Crisis Postponed

The talks between Iran and the so-called EU3 – France, Britain and Germany – in Geneva earlier this week was a success in the sense that a collapse and a crisis was postponed. Now, the talks will resume after the presidential elections in Iran.

What was decided is that Iran for the time being will remain within the framework agreed in Paris in November 2004 by complying with all its provisions, including those dealing with the suspension of enrichment- and reprocessing-related activities.

It was also decided that the talks should continue, and the EU3 would make more detailed proposals to the Iranians, if possible at the end of July or early in August. It being understood that these proposals will normally cover all aspects under discussion, i.e. everything regarding security guarantees, economic, technological and nuclear cooperation and also political dialogue.

There was another event in Geneva in the week that wasn’t entirely unrelated – the opening of negotiations on Iran’s membership in the WTO, which was one of the points discussed earlier with the Europeans.

We’ll see what happens. The Iranians continue to insist on their right to the entire nuclear fuel cycle, and the EU3 continues to insist that Iran should abstain from any activities linked to the enrichment of uranium as well as to the reprocessing of spent fuel.

In itself this does not guantee that Iran will not seek to produce nuclear weapons – but it would make the time between a decision and a deployment of such a weapon substantially longer. That’s in reality all that can be achieved.

Further on, another regime in Iran might make it possible for Europe as well as the United States to go into far more collaboratibe relationships, which would be good in itself from every conceivable point of view.

One Response to Crisis Postponed

  1. Björn Hallberg skriver:

    I have to be the pessimist though and point out a few things. It’s a dicey situation with countless factors but the major ones will undoubtedly decide the outcome and those are possible to approximate.

    First something about the ”carrot”, the WTO. Many people are sceptical towards its practises for good reason. I’m not its biggest supporter either. WTO probably has its advantages, mostly for corporations and richer countries. Even though we’re constantly being fed the idea that the WTO, the IMF, World Bank and other institutions are doing everything in their power to help it’s not always so. It’s a classic Orwellian propaganda trick to claim the opposite of what is true. And surprisingly often you get away with it.
    For a country like Iran which is a traditional rural-based society and a semi-industrialized country all at once, the benefits are difficult to assert. But not being in the WTO is effectively like being under an embargo. So it’s a forceful transition that can best be described like a ”pest or cholera” choice. Being on the team is probably still the lesser of two evils, at least for the industrial part of the country.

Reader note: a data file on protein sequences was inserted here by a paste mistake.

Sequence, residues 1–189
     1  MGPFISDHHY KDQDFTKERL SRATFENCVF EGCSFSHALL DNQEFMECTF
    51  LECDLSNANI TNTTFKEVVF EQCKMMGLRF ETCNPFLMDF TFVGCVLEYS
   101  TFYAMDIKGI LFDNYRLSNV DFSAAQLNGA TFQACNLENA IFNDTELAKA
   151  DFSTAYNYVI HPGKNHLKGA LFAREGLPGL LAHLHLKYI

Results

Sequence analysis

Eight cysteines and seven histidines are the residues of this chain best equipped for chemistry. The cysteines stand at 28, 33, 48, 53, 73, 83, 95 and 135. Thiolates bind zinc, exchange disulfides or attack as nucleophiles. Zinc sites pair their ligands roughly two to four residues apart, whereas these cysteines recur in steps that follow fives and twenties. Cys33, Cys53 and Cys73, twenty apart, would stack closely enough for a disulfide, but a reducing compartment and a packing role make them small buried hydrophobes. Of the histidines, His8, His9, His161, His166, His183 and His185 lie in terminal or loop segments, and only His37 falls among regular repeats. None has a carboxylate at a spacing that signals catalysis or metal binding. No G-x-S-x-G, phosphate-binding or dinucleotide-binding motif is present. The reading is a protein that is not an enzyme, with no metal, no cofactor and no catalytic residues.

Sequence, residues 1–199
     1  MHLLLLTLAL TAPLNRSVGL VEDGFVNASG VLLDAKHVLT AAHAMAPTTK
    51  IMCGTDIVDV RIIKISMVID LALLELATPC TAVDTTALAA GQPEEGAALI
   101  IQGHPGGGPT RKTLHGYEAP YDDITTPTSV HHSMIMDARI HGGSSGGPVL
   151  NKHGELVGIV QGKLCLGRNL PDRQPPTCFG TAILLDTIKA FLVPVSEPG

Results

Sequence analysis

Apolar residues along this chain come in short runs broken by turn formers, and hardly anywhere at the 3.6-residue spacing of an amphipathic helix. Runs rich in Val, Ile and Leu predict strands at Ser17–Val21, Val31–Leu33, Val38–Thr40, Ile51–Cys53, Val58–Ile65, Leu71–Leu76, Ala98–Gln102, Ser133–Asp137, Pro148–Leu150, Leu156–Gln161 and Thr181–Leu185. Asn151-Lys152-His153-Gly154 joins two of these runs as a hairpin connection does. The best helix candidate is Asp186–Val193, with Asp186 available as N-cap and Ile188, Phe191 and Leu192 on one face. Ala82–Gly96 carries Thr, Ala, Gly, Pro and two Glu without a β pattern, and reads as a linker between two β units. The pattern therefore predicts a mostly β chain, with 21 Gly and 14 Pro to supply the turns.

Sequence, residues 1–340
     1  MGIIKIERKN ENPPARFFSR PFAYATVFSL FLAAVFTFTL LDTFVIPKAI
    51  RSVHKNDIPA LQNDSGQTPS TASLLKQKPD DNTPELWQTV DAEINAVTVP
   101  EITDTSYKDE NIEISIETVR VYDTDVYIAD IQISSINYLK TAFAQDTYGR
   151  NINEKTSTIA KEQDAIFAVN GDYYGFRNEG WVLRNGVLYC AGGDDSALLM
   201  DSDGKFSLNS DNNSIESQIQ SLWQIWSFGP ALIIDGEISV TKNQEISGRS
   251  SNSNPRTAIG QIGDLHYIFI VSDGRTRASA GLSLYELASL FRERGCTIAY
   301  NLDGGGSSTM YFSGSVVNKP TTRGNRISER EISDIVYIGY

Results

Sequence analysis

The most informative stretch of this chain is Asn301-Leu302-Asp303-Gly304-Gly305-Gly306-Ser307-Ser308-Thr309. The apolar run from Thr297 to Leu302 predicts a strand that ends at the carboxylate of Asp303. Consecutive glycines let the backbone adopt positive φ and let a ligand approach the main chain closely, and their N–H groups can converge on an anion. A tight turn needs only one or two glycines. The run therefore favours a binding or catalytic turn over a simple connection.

It is positive to see Europe take a more active role. Mostly so because it’s the right thing to do. And because we can’t allow the US to run world affairs on our behalf. There shouldn’t be just one international authority made up of one will, just like national politics shouldn’t be run by one man alone.
    It also dispels the notion, perpetrated by the US, that we don’t help and never get involved. And when we do, it’s for the wrong reasons, or so they say. It would have been amusing if the consequences weren’t so dire for the rest of the world.

    Having said that, the US will obviously never leave Iran alone. Nuclear weapons or not. The reasoning behind this being simple. Iran just doesn’t play ball. It’s a bit like the comic book ”Asterix” where the entire European continent is occupied by Roman legions, well except for that little piece of Gaul that is. And such is the situation in the middle east at the moment. Except for Iran, every other state is either cooperative, friendly or even allied. Most have a US military presence even if it’s not something they advertise.
    And this is where we get to oil and gas I suppose. Not that it’s ever as simple as my critics would like to believe that I believe. As for access to Iran’s natural resources the US could do without them for a long time. But as it stands, Iran endangers any project undertaken by the US in the region. Pipelines from neighbouring countries can’t be built or defended as long as Iran is smack in the middle of things. Iran is after all relatively powerful and well functioning. Also, Israel’s safety can’t be guaranteed even though they obviously brought much of the future misery upon themselves. Iraq can’t be controlled. Neighbouring countries could ally with the local power of Iran and dismiss the US. And geo-politically, if you don’t control Iran, you can’t move on. The stepping stone power politics of imperialism will grind to a halt.

    Historically, take a look at Mossadeq and later the Shah. US involvement in this affair is pretty transparent. Ask yourselves why the US went to all this trouble then, and why it will do so again.

    I must say I sympathize with Iran. Essentially they are guilty until proven innocent, which is more than you could say for a certain other country in the region. A country that has NBC capability, or non-conventional weapons if you will (but don’t use the w-word), and can’t bring themselves to admit it. Now that is some double standard.

    Btw. Nice of the US (and Iran to some extent) to effectively torpedo the NPT talks. And calling it a success still. Orwellian.

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